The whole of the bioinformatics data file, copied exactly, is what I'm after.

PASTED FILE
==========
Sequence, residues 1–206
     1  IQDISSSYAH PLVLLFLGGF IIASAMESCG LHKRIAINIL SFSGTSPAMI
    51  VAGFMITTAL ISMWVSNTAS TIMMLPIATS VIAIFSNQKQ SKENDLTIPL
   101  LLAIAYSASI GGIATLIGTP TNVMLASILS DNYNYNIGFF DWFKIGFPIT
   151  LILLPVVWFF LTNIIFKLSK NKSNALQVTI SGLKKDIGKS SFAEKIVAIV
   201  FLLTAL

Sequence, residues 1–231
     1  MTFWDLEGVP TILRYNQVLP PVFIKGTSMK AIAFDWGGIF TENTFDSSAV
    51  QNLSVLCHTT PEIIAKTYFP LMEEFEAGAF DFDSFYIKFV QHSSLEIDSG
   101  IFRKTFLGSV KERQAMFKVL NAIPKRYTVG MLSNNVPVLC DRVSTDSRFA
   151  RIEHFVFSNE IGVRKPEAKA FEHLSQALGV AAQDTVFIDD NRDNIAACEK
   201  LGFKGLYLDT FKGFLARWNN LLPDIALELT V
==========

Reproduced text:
Sequence, residues 1–206
     1  IQDISSSYAH PLVLLFLGGF IIASAMESCG LHKRIAINIL SFSGTSPAMI
    51  VAGFMITTAL ISMWVSNTAS TIMMLPIATS VIAIFSNQKQ SKENDLTIPL
   101  LLAIAYSASI GGIATLIGTP TNVMLASILS DNYNYNIGFF DWFKIGFPIT
   151  LILLPVVWFF LTNIIFKLSK NKSNALQVTI SGLKKDIGKS SFAEKIVAIV
   201  FLLTAL

Sequence, residues 1–231
     1  MTFWDLEGVP TILRYNQVLP PVFIKGTSMK AIAFDWGGIF TENTFDSSAV
    51  QNLSVLCHTT PEIIAKTYFP LMEEFEAGAF DFDSFYIKFV QHSSLEIDSG
   101  IFRKTFLGSV KERQAMFKVL NAIPKRYTVG MLSNNVPVLC DRVSTDSRFA
   151  RIEHFVFSNE IGVRKPEAKA FEHLSQALGV AAQDTVFIDD NRDNIAACEK
   201  LGFKGLYLDT FKGFLARWNN LLPDIALELT V